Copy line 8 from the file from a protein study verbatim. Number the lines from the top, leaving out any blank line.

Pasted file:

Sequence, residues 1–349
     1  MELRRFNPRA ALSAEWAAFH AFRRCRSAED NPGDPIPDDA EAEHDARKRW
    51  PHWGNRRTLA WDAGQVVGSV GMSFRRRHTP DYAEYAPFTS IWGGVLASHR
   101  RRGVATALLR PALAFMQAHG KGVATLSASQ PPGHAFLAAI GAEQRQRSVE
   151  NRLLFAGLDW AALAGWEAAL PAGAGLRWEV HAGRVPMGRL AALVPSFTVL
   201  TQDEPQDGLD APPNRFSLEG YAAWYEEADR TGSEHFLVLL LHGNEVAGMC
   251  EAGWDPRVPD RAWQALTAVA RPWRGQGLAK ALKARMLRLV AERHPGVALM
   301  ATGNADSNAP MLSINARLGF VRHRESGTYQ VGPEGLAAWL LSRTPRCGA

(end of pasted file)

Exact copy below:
   301  ATGNADSNAP MLSINARLGF VRHRESGTYQ VGPEGLAAWL LSRTPRCGA